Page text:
• METIS PROJECTD3.2: Draft of pilot workshop Page 41 of 64Mor, Yishay and Winters, Niall (2007). Design approaches in technology enhancedlearning.Interactive Learning Environments, 15(1) pp. 61–75.Mor, Yishay (2013). SNaP! Re-using, sharing and communicating designs and designknowledge using scenarios, narratives and patterns. In: Luckin,Rosemary; Puntambekar, Sadhana; Goodyear, Peter; Grabowski, BarbaraL.; Underwood, Joshua and Winters, Niall eds. Handbook of Design in EducationalTechnology. London, UK: Routledge, (In press).Ronen-Fuhrmann, T, & Kali, Y. (2010). The role of concretization in acquiring designknowledge. Proceedings of the 9th International Conference of the Learning Sciences-Volume 1 (pp. 468–475).Ronen-Fuhrmann, T., Kali, Y., & Hoadley, C. (2008). Helping Education StudentsUnderstand Learning Through Designing. Educational Technology, 48, 26–33.Simon, H. A. (1996), The Sciences of the Artificial - 3rd Edition , The MIT Press ,Cambridge, MAe. Collage / LdShake workshopsSummaryAt the UVA team (and later, also at UPF as Davinia moved from Valladolid toBarcelona), we have hosted several teacher workshops related with our researchefforts in the field of Computer-Supported Collaborative Learning and LearningDesign. These workshops were mainly directed at university teachers (although theapproach can be applied to practitioners at other levels – as long as thetechnological tools proposed make sense in the actual context). The workshopsaimed to promote participants’ awareness of collaborative learning techniques (e.g.in the form of collaborative patterns such as the Jigsaw). The main focus was onproviding practical guidance about how to design such learning experiences (bothconceptually by using and combining patterns at different levels, and usingtechnological support such as the Web Collage authoring tool). In the last editionsthere has also been an emphasis on how to implement those collaborative designsusing VLEs (such as Moodle) and external ICT tools (e.g. wikis, Google apps, etc.),again conceptually and through the use of the GLUE!-PS technological system.An example of workshop can be found in Hernández-Leo et al. (2011), in whichLdShake (the precursor to METIS’s ILDE) is shown and used by teachers. Only very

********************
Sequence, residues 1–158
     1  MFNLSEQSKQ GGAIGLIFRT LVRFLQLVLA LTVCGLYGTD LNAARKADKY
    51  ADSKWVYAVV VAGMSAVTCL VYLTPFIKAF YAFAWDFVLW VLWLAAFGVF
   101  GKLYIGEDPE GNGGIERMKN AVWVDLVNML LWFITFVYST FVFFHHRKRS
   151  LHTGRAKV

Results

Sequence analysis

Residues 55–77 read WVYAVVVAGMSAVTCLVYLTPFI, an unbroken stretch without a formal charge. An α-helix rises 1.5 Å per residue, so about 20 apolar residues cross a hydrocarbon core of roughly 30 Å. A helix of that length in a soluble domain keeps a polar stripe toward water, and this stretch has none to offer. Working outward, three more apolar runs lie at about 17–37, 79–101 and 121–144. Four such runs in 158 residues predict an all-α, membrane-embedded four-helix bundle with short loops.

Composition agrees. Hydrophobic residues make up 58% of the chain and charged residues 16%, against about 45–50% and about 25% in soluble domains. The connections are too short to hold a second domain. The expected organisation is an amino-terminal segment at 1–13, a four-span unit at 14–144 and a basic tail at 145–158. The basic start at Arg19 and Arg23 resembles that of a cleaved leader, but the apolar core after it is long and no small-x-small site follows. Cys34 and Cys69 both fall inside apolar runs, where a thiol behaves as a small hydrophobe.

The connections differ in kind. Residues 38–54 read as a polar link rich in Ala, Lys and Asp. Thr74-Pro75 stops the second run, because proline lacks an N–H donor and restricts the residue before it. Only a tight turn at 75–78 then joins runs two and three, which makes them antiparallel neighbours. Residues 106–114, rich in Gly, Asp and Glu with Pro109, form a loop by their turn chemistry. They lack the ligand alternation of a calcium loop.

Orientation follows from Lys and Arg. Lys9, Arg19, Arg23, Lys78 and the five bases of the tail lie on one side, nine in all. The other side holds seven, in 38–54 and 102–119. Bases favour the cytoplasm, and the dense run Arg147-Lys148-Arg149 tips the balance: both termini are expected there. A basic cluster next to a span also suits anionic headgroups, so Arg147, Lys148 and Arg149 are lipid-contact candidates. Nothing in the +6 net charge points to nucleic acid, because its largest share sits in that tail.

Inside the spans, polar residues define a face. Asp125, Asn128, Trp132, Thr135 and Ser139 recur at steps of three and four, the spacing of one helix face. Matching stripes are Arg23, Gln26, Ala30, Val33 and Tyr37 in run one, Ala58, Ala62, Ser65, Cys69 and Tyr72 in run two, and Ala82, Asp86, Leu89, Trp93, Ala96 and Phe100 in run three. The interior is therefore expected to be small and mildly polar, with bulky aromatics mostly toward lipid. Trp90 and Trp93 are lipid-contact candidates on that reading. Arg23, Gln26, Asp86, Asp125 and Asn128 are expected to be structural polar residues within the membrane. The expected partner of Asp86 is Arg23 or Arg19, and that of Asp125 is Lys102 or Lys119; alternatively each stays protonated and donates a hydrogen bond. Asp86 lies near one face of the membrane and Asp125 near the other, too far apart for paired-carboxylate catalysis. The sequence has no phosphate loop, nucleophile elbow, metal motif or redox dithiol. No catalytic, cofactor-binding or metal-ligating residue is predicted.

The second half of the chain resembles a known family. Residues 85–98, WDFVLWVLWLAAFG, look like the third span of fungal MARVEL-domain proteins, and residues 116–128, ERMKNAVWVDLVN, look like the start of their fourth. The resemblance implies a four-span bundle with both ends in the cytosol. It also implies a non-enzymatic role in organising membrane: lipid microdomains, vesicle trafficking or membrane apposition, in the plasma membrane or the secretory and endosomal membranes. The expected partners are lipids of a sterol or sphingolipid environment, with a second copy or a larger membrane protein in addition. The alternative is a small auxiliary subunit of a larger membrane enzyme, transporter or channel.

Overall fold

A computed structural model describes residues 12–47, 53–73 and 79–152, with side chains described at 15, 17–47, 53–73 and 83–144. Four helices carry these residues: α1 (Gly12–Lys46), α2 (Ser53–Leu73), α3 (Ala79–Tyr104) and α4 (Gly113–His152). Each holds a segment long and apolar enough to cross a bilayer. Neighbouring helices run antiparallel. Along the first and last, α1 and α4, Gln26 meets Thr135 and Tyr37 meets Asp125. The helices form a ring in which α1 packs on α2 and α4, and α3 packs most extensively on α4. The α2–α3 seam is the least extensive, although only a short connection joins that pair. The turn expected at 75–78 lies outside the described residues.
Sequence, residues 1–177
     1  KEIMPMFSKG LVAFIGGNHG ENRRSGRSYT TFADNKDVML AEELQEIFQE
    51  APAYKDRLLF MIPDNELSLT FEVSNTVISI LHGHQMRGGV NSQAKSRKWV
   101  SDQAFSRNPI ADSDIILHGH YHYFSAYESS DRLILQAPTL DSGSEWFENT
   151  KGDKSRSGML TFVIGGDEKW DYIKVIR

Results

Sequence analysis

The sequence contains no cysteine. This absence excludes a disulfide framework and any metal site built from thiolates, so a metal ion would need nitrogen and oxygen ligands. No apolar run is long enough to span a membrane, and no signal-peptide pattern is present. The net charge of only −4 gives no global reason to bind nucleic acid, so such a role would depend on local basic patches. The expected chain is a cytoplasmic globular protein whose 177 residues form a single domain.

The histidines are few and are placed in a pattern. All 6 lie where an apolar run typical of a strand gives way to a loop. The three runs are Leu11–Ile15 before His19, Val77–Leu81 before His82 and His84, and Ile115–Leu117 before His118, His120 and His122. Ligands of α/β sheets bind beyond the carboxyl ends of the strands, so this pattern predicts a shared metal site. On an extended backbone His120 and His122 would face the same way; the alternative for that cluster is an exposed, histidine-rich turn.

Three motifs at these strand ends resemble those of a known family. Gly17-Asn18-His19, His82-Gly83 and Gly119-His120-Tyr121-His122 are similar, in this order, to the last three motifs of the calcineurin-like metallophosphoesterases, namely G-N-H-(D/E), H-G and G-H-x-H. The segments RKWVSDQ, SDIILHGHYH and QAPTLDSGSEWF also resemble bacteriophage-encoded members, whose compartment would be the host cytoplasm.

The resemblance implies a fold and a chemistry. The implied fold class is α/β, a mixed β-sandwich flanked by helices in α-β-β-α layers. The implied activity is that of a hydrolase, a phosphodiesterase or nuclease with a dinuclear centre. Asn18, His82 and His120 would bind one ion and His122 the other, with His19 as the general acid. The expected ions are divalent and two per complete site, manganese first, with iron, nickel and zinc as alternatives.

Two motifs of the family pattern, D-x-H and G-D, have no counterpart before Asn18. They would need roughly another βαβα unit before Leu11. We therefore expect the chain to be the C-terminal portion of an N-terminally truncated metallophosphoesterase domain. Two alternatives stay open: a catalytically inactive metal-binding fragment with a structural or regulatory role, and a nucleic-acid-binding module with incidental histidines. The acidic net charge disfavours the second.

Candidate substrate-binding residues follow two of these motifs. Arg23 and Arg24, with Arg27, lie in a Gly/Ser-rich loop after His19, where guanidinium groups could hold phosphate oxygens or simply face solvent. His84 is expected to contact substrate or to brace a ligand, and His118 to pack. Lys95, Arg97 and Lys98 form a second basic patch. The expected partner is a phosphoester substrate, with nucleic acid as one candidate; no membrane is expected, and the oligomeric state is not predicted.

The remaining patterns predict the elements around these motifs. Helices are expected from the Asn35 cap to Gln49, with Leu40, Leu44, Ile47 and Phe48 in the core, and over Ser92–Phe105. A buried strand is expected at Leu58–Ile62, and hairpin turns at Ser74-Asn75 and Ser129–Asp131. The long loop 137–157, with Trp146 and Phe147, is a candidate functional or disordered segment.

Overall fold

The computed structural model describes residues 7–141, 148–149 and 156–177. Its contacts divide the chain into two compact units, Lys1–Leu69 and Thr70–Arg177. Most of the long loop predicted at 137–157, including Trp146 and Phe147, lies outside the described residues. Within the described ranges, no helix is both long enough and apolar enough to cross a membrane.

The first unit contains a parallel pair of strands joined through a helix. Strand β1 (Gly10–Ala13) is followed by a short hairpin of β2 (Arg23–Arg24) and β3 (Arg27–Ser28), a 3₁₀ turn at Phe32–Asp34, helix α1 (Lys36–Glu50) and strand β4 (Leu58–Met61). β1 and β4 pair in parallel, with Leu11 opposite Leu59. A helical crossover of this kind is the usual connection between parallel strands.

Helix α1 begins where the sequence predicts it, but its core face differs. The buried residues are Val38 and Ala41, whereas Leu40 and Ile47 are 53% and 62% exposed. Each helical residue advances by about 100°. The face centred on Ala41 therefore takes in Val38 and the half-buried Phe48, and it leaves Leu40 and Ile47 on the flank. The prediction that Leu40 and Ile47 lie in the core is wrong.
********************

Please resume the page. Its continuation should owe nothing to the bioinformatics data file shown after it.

• METIS PROJECTD3.2: Draft of pilot workshop Page 42 of 64recently we have made efforts in reflecting on the workshop approach that hasemerged through these years of research and professional developmentinterventions. Prieto et al. (accepted) describe one instance of the last round ofworkshops that have been held (focusing on design, implementation andenactment), and tries to extract some of the main guiding principles and patterns ofthe approach: Focusing on multiple aspects of the activities’ “orchestration” (beyond puredesign, also management, adaptation, pragmatic restrictions, etc.) Focusing on multiple phases of the activities’ lifecycle (beyond design,towards implementation, enactment) Use of pedagogical patterns (e.g. design patterns like Jigsaw, but alsodeployment/enactment patterns like “on-the-fly monitoring of activities”) Providing hands-on practical experience not only in the concepts of design,but also the use of technologies to design and implement the activities Modeling: the workshops themselves are designed and modelled using thetools and strategies being taught at the workshop Authentic/meaningful problems: Participants work on design/enactmentproblems that are meaningful for their own concrete coursesKey referencesDescription of one workshop instance and main characteristics of the approach:Luis P. Prieto, Yannis Dimitriadis, Juan I. Asensio-Pérez, Sara Villagrá-Sobrino, Iván M.Jorrín-Abellán (accepted). Fostering CSCL adoption: an approach to professionaldevelopment focused on orchestration. Accepted at the International Conference onComputer-Supported Collaborative Learning (CSCL 2013).Example of LdShake workshop with teachers: Davinia Hernández-Leo, LaurenRomeo, Miguel A. Carralero, Jonathan Chacón, Mar Carrió, Pau Moreno, Josep Blat(2011). LdShake: Learning design solutions sharing and co-edition, Computers &Education, 57(4), 2011, p. 2249-2260. (see sp. Table 1 and section 3.1)f. Participatory Pattern MethodologySummaryThe Participatory Methodology for Practical Design Patterns is a process by whichcommunities of practitioners can collaboratively reflect on the challenges they faceand the methods for addressing them. The outcome of the process is a set of